It’s Friday morning. A hot cup of coffee sits on your desk as you settle in and prepare for the day. Just as you raise the cup to take a drink, you receive a system alert. The organization’s website is down. Then, another alert. Another critical system is not responding. You calmly take a sip of your coffee. Responding to a major incident or crisis is never a scheduled event, but you know your team is prepared.
Your organization has a Crisis Management Plan in place that staff and stakeholders have practiced and improved over time. You know that humans are more likely to make mistakes and not perform at their peak level during a crisis, so you’ve made decisions and created a plan ahead of time to prepare.
The Plan answers the “Top 3 Things”: Who, What/When, and How of response actions at the organization and brings order to unexpected events.
1.) You know Who. You have assigned, documented, and clearly communicated response roles to all involved. Incident Response Team members with a role in every incident have been assembled and additional members that may take a role in specific incidents have been identified. To ensure everyone understands what actions are required of them during an incident, a responsibility assignment matrix, or RAM, was developed. The RACI matrix, which stands for Responsible, Accountable, Consulted, and Informed, is a commonly used RAM. It is used to establish clear responsibility for performing tasks related to response and provides a visual for quick reference during an incident. The exercise of developing the matrix allowed your organization to identify additional stakeholders impacted who, at minimum, need to be informed at major milestones. By documenting responsibilities your organization has ensured the appropriate stakeholders are both consulted and informed at appropriate times.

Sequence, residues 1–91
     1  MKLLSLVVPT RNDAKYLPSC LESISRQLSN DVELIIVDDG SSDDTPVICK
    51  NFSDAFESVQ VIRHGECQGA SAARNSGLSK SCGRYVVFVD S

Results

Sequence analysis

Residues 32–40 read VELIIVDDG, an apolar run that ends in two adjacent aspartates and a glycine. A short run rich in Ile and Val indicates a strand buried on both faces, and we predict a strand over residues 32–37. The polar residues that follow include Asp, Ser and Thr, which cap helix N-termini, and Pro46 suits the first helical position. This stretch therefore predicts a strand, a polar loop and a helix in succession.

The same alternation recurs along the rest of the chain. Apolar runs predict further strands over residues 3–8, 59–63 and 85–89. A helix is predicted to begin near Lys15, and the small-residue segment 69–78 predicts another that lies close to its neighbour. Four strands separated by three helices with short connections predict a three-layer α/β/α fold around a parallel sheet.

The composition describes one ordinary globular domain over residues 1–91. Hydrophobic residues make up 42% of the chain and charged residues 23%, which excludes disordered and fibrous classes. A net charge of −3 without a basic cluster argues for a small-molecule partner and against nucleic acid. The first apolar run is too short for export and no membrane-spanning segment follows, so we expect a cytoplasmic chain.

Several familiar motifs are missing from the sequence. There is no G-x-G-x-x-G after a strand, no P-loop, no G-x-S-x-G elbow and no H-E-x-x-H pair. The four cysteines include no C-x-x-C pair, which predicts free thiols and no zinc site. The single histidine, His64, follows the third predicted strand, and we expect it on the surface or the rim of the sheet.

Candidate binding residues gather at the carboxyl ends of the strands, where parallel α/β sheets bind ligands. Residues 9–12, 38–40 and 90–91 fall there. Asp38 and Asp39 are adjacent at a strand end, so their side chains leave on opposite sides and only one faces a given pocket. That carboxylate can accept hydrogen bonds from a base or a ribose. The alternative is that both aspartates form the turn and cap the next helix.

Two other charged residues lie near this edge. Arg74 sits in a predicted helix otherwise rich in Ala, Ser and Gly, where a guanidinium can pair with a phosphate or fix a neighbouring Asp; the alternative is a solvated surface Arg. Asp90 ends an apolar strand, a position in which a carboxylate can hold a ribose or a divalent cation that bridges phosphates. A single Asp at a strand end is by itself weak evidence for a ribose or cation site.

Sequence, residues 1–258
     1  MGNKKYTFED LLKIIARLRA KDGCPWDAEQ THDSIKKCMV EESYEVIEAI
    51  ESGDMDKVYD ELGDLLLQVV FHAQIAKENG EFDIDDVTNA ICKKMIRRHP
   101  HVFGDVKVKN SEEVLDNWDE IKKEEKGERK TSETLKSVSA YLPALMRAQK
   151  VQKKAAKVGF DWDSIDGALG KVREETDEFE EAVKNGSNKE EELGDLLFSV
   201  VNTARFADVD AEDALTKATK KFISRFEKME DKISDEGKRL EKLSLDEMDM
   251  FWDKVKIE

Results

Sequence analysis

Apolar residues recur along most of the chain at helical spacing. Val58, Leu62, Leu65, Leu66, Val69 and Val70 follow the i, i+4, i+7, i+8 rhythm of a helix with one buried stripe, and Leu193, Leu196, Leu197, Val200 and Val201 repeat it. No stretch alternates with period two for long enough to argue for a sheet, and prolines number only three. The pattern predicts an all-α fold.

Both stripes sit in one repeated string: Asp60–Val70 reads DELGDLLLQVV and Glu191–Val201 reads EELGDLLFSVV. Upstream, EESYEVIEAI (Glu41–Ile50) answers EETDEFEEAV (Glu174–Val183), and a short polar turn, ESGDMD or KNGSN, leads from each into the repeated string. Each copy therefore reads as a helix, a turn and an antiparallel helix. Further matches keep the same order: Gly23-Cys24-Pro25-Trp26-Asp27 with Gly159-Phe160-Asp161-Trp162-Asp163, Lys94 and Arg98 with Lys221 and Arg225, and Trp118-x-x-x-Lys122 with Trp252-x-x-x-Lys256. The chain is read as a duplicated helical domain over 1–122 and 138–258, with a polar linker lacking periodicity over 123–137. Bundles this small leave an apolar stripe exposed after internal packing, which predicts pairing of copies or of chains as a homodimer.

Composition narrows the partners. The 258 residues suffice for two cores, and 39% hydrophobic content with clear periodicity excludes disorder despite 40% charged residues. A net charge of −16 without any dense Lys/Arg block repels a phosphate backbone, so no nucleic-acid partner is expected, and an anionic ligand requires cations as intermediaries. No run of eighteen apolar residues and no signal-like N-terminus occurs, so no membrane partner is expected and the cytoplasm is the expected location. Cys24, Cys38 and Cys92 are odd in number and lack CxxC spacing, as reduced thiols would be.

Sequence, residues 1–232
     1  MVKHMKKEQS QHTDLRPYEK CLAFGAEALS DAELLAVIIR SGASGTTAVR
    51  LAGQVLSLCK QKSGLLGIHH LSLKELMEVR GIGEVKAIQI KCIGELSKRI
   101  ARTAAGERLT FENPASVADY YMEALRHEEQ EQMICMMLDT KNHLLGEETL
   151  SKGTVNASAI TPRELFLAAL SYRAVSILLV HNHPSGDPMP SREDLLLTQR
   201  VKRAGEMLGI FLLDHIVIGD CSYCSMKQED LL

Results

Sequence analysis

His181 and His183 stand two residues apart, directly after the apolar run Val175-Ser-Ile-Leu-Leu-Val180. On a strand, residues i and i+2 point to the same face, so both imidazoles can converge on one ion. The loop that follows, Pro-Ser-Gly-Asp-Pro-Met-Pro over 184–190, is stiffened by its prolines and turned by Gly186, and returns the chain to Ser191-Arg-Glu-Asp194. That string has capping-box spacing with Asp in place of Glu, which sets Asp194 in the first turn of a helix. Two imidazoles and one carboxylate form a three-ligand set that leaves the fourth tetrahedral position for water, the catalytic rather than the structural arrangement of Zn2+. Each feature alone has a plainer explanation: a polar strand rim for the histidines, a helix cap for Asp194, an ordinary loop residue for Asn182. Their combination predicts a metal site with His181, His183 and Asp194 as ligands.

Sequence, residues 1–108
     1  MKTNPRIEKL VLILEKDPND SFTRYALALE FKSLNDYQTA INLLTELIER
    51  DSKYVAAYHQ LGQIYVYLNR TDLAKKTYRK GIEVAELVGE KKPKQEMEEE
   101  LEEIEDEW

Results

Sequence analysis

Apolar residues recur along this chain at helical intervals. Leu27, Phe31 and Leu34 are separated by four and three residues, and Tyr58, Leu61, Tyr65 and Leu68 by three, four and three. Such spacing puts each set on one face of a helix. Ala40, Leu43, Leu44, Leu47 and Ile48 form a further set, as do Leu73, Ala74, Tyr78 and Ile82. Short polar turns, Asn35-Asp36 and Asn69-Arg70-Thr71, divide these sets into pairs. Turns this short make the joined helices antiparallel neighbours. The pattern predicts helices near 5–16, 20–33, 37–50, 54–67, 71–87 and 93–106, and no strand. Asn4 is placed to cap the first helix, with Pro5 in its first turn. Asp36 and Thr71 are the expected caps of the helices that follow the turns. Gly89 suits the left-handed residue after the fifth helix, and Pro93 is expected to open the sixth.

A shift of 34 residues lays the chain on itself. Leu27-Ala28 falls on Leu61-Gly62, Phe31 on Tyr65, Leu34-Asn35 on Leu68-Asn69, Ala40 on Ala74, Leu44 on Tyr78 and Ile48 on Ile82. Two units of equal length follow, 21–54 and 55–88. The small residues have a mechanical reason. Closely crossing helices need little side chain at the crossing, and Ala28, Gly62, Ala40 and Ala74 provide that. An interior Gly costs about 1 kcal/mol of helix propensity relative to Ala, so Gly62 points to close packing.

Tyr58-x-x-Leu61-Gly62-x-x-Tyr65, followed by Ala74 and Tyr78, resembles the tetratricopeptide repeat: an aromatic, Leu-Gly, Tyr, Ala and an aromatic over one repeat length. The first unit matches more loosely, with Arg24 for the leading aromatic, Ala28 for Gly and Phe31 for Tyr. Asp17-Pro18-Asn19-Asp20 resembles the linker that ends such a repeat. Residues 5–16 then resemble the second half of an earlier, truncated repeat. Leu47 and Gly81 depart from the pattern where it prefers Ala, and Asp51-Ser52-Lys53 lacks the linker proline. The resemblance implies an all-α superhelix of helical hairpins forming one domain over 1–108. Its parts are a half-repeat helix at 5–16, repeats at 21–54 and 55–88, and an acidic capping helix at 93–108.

2.) You know What/When. You have documented steps of your response by developing flowcharts. The visual format of flowcharts allows staff to determine critical decision points during an incident and recognize missing information when preparing response. And the RAM you prepared? Each step in the flowchart is clearly assigned and includes steps and responsibilities identified in matrix. Decision points in the charts also include specific responses in case protected data, such as payment card data or personal health information is involved. Communications to internal and external stakeholders have been considered and are included in key points of the plan.
3.) You know How. Your team has resources in place to allow them to focus on response. Templates for documenting the response and for communicating to stakeholders are in place. These resources are available to limit the number of decisions the Incident Response Team needs to make in the spur of the moment. The exercise of preparing communication strategies and templates provides opportunity to identify additional stakeholders, both internal and external, that should be included. Of course, the appropriate spokesperson was designated and recorded in the RAM.
Bonus Tip: You’ve Practiced. Practice makes perfect but responding to an actual crisis is the kind of practice most of us would prefer to avoid. Going through the process builds confidence in response staff, helps identify missing steps in the Plan, and allows for adjustments as processes change. Your team practices the plan at least once annually looking for ways to enhance the plan and improve future responses.
Planning ahead makes all the difference in the effectiveness of response, especially when the pressure is on. CampusGuard is here for you to plan and prepare. Whether it’s a Tabletop Exercise, Security Awareness Online Training, or many other cybersecurity services. Contact us today!